When practicing a body scan, take as long as you need to ensure your full body is relaxed. This will help you feel less stressed, both physically and mentally. Many people who have trouble sleeping practice a body scan before bed, because it is so relaxing.
Another great form of mindful meditation is guided imagery. This is ideal for people who need to relax at work or in a busy space. For this technique, conjure up soothing scenes in your mind. If you need help with your imagination, listen to natural sounds, like ocean waves, to help you focus.
As you create these beautiful scenes, imagine how you would feel if you were there, instead of at work. Think of the sand between your toes, the sun gently kissing your face, and your loved ones surrounding you. This mental image can help you relax and control your stress.
Seek Professional Help
If you are feeling overwhelmed by stress, you do not have to face it alone. Never feel embarrassed or scared to ask for professional help. You can utilize the Employee Assistance Program at work or seek out services on your own, but reach out.
One in four adults are dealing with issues affecting their mental health. Seeking professional help can make a huge difference. Professionals can help find the root of your stress, so you can better understand why you feel the way you do. Once a cause is identified, you can begin the road to improved mood or taking control of how you feel.
Sometimes, treatment involves medication – which is okay. If you have the flu, you may take medicine to get recover more quickly. The same principle stands when dealing with your mental health. Often, medicine is not required as treatment. Instead, a professional can teach you unique relaxation techniques to help you deal with daily stress or anxiety.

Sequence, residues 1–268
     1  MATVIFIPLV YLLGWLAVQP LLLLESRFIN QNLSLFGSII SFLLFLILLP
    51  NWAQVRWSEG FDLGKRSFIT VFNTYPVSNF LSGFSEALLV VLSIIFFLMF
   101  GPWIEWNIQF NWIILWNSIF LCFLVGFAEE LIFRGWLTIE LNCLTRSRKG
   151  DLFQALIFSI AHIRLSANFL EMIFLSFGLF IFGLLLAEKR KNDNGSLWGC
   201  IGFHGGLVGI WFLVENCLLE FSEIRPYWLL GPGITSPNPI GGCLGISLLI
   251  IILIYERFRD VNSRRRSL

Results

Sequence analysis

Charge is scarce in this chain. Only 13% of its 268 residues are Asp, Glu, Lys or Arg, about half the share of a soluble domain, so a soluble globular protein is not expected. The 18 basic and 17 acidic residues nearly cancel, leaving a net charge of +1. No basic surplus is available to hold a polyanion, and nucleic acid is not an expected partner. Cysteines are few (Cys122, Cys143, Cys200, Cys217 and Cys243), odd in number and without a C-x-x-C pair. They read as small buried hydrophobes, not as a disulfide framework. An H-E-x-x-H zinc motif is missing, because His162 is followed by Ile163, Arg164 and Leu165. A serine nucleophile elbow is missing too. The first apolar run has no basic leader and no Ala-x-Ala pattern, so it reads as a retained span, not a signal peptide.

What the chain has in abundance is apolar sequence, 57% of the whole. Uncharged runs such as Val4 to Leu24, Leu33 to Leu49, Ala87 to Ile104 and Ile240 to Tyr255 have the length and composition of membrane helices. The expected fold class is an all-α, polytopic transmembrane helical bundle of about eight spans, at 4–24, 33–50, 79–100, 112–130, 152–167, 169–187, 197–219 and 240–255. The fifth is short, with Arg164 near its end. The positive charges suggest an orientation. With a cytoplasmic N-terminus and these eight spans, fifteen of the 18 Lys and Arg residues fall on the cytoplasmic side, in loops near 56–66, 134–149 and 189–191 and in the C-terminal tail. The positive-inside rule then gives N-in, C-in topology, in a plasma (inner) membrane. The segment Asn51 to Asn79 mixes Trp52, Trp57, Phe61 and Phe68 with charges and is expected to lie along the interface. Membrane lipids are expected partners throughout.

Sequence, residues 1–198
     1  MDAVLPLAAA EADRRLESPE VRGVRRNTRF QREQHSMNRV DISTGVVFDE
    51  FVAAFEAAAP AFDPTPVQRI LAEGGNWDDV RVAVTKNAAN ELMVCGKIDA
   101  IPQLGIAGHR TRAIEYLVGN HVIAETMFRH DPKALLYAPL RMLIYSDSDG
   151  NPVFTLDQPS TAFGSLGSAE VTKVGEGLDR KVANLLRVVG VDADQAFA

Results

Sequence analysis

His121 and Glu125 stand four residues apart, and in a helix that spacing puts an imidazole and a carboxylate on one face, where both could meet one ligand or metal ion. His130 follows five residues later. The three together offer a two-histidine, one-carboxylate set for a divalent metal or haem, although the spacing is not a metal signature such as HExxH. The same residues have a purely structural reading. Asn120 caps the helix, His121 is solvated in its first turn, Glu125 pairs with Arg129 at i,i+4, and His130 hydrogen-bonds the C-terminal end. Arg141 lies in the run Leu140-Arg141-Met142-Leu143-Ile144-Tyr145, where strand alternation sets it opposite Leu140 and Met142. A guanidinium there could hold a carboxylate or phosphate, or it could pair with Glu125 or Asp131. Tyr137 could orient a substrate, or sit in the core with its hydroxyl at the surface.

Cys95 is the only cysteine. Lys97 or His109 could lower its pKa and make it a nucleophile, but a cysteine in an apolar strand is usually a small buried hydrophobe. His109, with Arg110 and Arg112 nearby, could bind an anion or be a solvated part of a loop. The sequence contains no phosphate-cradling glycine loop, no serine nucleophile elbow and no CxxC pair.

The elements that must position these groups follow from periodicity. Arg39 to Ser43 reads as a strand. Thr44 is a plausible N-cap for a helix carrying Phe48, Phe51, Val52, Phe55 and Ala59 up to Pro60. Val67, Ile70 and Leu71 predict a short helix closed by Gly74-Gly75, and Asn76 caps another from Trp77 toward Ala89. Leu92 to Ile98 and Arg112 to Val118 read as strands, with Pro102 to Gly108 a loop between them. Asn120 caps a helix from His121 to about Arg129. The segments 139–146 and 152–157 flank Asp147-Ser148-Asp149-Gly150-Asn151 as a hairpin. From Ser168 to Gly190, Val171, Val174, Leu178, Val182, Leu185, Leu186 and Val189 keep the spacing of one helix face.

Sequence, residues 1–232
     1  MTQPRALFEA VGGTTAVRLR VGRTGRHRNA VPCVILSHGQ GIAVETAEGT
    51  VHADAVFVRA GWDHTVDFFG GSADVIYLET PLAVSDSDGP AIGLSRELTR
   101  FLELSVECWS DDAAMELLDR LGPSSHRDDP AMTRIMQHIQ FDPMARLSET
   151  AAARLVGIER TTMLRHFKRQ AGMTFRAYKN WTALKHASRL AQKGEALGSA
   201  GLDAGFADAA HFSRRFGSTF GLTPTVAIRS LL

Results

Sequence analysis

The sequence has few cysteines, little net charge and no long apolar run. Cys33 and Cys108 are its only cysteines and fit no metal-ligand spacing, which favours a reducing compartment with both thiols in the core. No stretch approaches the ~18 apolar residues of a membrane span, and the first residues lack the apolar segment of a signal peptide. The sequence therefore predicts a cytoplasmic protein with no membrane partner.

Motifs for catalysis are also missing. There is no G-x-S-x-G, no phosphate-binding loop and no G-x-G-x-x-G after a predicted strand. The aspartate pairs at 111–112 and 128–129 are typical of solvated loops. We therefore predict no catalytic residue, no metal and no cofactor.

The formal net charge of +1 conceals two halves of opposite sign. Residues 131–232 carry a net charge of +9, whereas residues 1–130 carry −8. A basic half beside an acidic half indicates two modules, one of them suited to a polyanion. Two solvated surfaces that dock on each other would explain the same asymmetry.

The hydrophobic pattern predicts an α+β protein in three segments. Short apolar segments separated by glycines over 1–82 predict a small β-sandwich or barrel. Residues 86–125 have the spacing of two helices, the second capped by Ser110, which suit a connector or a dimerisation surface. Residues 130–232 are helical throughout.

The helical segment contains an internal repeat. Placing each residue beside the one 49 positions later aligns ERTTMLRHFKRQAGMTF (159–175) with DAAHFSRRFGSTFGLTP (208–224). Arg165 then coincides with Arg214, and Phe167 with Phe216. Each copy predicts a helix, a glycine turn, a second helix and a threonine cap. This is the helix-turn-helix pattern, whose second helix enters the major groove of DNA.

If stress is making you feel anxious, preventing you from getting sleep, or lowering your quality of life, it may also be hurting your heart. A professional can help you feel stronger in the face of challenges, so you will no longer be consumed by your stress. Together, you will build your confidence and heal from pains of your past.
It’s All About Your Heart
February is the month of love. Not just the love you spread on Valentine’s Day – but also love for your heart. By controlling your stress, you are protecting your heart by preventing heart disease.
Although heart disease is the number 1 killer in women, only 1 in 5 women believe heart disease is her greatest health threat. Although the threat to women is constantly rising, taking preventative steps can help prevent this deadly disease.
Studies show that healthy choices, such as eating right, exercising, and managing stress, have resulted in 330 fewer women dying from heart disease per day. That’s right – 330 fewer per day.
Talk to your doctor today about the steps you can take to lower your risk.
For those who feel overworked, overwhelmed or unfulfilled, be sure to reach out to Dr. Toni today. Schedule your free strategy session today for better balance and success on your terms.
About Dr. Toni A. Haley
Toni A. Haley, MD is a bestselling author, speaker, and certified executive coach for high performing women. She is also the founder and CEO of Williams Wellness Group. Dr. Haley is sought after by clients for her 25 years of experience in finance, healthcare, and wellness. Her proven strategies have helped hundreds of women break through personal and professional barriers, such as Perfectionism, Martyr Complex, and Imposter Syndrome. She is a proud alumna of Morgan State University and Ross University School of Medicine. Dr. Haley has committed her career to empowering women to achieve greater prosperity and wellness.